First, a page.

PROBABILITY OF MULTIPLE CONDITIONS AFFECTING YOU MORE THAN 50% OF THE TIME
To qualify for PIP, the DWP must assess that any condition must affect you for more than 50% of the time or more than 3 out of 7 days.
A Judge has ruled that the DWP must consider the probability of separate conditions COMBINING to affect you for more than 50% of the time or 4 or more days a week.
Here is the maths I have just sent to DWP today.
(2) REGARDING LEGALITY – FAILED TO FOLLOW YOUR OWN GUIDELINES RELATING TO THE PROBABILITY OF MY WIFE SUFFERING FROM THE EFFECTS OF MULTIPLE CONDITIONS FOR MORE THAN 3 DAYS A WEEK – 50% of the time.
Your decision to award my wife ‘0’ points
after the first assessment and then again after the mandatory reconsideration
is contrary to your regulations and, therefore, incorrect and unlawful.
Your regulations clearly state that a claimants disabilities must affect her
for more than 50% of the time before they can receive PIP.
In order to do this, you must apply the mathematical rules of probability in
relation to the probability of multiple
health conditions/disabilities affecting claimants in any one week (7 days) for
more than 50% of the time.
A judge recently made the following calculations based on a claimant suffering
from two health conditions/disabilities affecting them 3 out of the 7 days of
the week, both, therefore, not qualifying for PIP individually.
_____________________________________________________________________________________
The claimant who had both chronic obstructive pulmonary disease (“COPD”) and
rheumatoid arthritis.
The first tier tribunal found that the claimant had 3 bad days a week for COPD, and 2 to 3 bad days a week, depending on the weather, for rheumatoid arthritis. Each condition affected the claimant’s ability to carry out some of the activities in the PIP test, such as preparing food or dressing.
The tribunal decided that the claimant’s conditions did not cause him to satisfy any point scoring descriptors for over 50% of the time, as required by regulation 7, so he was not eligible for PIP.
Probability theory
The upper tribunal judge, however, held that the tribunal had failed to find out if the effect of one condition was enough to cause problems or whether there was only an issue when both conditions applied at the same time.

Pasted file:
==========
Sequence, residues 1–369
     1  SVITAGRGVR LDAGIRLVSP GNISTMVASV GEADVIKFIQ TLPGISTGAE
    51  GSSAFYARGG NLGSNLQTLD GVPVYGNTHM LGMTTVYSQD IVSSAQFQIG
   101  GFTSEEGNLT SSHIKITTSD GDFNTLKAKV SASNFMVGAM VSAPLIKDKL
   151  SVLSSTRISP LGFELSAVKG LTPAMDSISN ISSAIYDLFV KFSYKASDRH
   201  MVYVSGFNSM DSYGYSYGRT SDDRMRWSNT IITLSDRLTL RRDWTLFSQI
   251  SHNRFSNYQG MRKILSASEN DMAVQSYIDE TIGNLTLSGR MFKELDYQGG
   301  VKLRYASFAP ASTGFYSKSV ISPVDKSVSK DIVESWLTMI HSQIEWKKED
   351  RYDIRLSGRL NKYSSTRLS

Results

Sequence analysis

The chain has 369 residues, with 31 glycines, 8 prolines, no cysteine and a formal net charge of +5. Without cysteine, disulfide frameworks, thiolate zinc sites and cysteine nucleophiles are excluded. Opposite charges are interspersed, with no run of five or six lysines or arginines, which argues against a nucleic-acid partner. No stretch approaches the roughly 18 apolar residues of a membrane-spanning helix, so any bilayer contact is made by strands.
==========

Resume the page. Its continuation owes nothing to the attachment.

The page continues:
If the effects of either condition on its own was enough to allow points to be scored, it would still be necessary to work out how many days a week on average, the claimant was affected by one or both conditions. If 50% or less then no award of PIP could be made.
Relying on a submission by the DWP, the tribunal judge went on to set out in great detail how to calculate the probability of the two conditions occurring for more than 50% of the time.
The judge argued:
If we say that the rheumatoid arthritis occurs 3 times a week then the probability that regulation 7 is satisfied is worked out as follows:
Probability(A or = Probability(A) + Probability(B) – Probability(A and
The probability of event A (arthritis) occurring, 3/7, is added to the probability of event B (COPD) occurring. 3/7 + 3/7 =6/7.
However, this probability (6/7) also includes the times on which the COPD and arthritis both occur. This must be subtracted. It is double counting.
The probability of the COPD and arthritis both occurring is 3/7 x 3/7 = 9/49.
We need to subtract 9/49 from 6/7. To do this we convert 6/7 into 42/49 (by multiplying by 7). We can then do the simple sum 42/49  9/49 = 33/49. This is the probability of an operative condition being present on a given day.
33/49 can otherwise be understood as 4.71/7, if you were looking at this on a weekly basis (as we have here).
Therefore the descriptor is satisfied for more than
50% of the days.
This finding was accepted and is a
precedent to any other cases challenging the effects of multiple health
conditions/disabilities.
__________________________________________________________________________________
Now, expanding this ruling to apply to my wife's several health conditions/disabilities
The probability that at least one condition is suffered on a day is 1 minus the probability that no conditions are suffered. That latter is the product of the probabilities of not suffering each condition.
Using the example probabilities of 3/7 for suffering the two conditions, we get 1  (4/7)*(4/7) = 1  16/49 = 33/49.
Extending this for the conditions my wife suffers from: PTSD, CONFUSION & ANXIETY, COPD (Shortness of Breath), FYBROMYALGIA, DYSEXECUTIVE SYNDROME (Brain Damage), SEIZURES, ACUTE CORONARY SYNDROME (Unstable Angina), IBS (Irritable Bowel Syndrome), BRAIN TUMOUR (Meningioma), LOSS OF BALANCE, ASTHMA.
That totals 10 health conditions/disabilities. Being generous and saying that there might some overlapping in the mental health/[psychological problems/disabilities, I will knock that down to a total of 7 health conditions/disabilities and, as you have argued (though we vehemently disagree), each one individually affects Angela for less than 50% of the time, we will say that they affect her 3 days out of 7.
Therefore, mathematically, each condition affects her 3/7, 3/7, 3/7, 3/7, 3/7, 3/7 and 3/7.
The probability of any occurrence is 1  (4/7)*(4/7)*(4/7)*(4/7)*(4/7)*(4/7)*(4/7) = 1 – 16,384/823,543 = 0.98.
Therefore, the probability of Angela suffering from her multiple health conditions/disabilities in any one week, is 98% of the time.
Please readjust your PIP assessment to feature in the probability of Angela suffering from her multiple multiple health conditions/disabilities for 98% of the time.
NOTE:If you suffer from mulltiple health conditions, you should factor in this argument at any stage in your claim, appeal or new claim.
Smile (it is sorta funny  but very real!)
gjaggers
Comments

Wow this is so helpful! Thankyou
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